The Islanders engaged in a hard-fought skirmish with the Buffalo Sabres last night, an overtime win courtesy of Josh Bailey’s sublime assisting skills and a gorgeous goal by Mat Barzal.
Ryan Pulock wasn’t part it.
That his view of the game was from above ice level has seemingly usurped anything that occurred on the playing surface.
And not only was Pulock scratched; the Isles scuttled him for Dennis Seidenberg! I mean, what is Doug Weight thinking? Right?
Well, in all likelihood, that decision was a calculated one. The reality is this is a non-issue. Defensemen often take longer to marinate than forwards — even when they’re good enough to be in the NHL and have little use for AHL exposure beyond the occasional conditioning/wakeup call stint.
Don’t believe me? Let’s take a look at some real-life examples.
Erik Karlsson is the best offensive-defenseman of his generation, but the start of his NHL career wasn’t silky smooth. After struggling through his first several games, Karlsson spent the next month in the minors.
He wound up playing 60 contests with Ottawa that season and finished with 26 points. From what I understand (very little), he supposedly turned out okay.
Shea Weber, who is likely the most obvious comparable for Pulock in terms of style of play and potential, suited up for a mere 28 games in his rookie season (2005-06).
Weber made his NHL debut on January 6th, 2006, and was scratched for 16 of the 44 matches Nashville played from that point through the end of the regular season. And, that was after he spent the first half of the circuit in the AHL.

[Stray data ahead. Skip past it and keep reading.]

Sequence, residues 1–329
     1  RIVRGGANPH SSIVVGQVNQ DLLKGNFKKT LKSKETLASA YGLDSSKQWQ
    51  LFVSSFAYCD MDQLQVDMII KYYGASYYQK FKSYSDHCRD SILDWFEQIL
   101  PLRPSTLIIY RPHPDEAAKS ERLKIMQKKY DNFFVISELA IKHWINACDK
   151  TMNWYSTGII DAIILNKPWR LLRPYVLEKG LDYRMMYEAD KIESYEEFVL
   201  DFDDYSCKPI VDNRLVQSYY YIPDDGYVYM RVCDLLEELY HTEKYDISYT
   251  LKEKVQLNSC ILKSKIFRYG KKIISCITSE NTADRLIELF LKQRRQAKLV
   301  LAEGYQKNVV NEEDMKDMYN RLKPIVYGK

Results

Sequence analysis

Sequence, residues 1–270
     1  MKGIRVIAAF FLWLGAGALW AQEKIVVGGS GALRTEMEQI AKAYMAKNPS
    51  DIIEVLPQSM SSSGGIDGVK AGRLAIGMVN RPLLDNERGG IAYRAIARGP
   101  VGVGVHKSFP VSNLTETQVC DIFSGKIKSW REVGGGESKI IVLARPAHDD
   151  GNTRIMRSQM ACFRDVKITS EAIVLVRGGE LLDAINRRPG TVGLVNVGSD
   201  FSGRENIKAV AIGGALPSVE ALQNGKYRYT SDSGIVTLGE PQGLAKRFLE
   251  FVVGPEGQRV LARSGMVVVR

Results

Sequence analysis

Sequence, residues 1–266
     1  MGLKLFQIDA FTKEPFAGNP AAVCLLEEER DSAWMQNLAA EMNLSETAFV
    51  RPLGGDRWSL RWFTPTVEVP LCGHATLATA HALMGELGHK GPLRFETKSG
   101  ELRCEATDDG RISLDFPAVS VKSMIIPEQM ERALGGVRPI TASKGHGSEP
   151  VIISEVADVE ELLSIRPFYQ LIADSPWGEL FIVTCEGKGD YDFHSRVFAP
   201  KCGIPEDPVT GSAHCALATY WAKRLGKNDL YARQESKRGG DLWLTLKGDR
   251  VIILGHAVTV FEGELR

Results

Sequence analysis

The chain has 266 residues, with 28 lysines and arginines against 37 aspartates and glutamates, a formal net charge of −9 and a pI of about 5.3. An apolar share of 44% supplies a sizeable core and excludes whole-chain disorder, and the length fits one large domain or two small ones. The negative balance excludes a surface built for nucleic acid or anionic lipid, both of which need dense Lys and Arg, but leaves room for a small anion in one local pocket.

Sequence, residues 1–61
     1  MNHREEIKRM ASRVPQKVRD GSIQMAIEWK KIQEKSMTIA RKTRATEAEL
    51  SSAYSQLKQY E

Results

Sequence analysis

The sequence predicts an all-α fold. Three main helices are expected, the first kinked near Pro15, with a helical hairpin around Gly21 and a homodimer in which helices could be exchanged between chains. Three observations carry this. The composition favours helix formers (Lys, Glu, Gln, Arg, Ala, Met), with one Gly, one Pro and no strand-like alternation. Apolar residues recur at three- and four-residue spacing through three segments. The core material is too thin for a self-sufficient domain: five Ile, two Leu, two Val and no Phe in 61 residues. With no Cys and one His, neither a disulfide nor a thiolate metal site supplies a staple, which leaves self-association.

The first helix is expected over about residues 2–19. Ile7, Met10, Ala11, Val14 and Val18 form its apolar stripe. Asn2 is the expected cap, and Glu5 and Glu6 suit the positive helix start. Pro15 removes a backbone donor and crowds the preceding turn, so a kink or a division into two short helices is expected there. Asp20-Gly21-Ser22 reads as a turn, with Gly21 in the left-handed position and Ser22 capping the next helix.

It gets better. Weber appeared in just five games from the night of his debut through February 6th. He was a healthy scratch for nine-consecutive games over the course of that winter, and had other stretches where he was not an active participant as well.
Weber recorded 12 points in that rookie season. His career has since skyrocketed.
You don’t have to look very far to see another example of this, either. Nick Leddy’s NHL action in his rookie season (2010-11) was also limited. He played 46 games for the Blackhawks and 22 in the AHL (plus six games at the WJC). Obviously, that’s a little different, but the point is that despite his clear talents, he was not a shoo-in for the Hawks’ lineup on a regular basis
Pulock has played 23 of the Isles’ 37 matches this season. He’s currently on pace for 17 points, and should get better as the season wears on; the good ones usually do.
He’ll probably be in the 55-65 games-played range by the end of the regular season, which is pretty similar to Karlsson’s rookie workload.
Though at one point he was scratched for four-straight games between November 19th and December 1st, it’s worth noting the Isles won all four of those games.
This is not even remotely equivalent to the organization’s recent treatment of other young defensemen.
Under former head coach Jack Capuano, Matt Donovan played just 12 (yes, TWELVE) games in 2014-15. He spent the entire season with the big club, never being sent down to Bridgeport, which means he was a scratch 70 (yes, SEVENTY) times that season.
If Pulock’s situation was similar to those circumstances, you’d absolutely have a strong case. But it isn’t. It’s actually quite normal for rookie defensemen and, often times, it’s helpful to them.
You’re probably wondering how that could possibly be, and the answer is that sometimes you need to take a step back and get a different perspective on the game.
It’s a good learning experience and allows you to see every on-ice situation develop in its entirety. Being on the ice or watching from the bench doesn’t always give you that full vantage point.
Ryan Pulock is 23. He still has much to learn and will get there. Sure, he can step into a power play situation and launch a rocket, but as I’m sure you know, there’s so much more to hockey than that.
The way that Weight and the organization are handling Pulock is perfectly normal, provided they don’t exceed the recommended dosage. It might even help spark a second-half breakout for the young rearguard.
Either way, don’t fret over it too much. Buy the rumor, sell the news.
Pulock will be just fine — until the next time he’s scratched, of course.
Follow Daniel Friedman on Twitter @DanJFriedman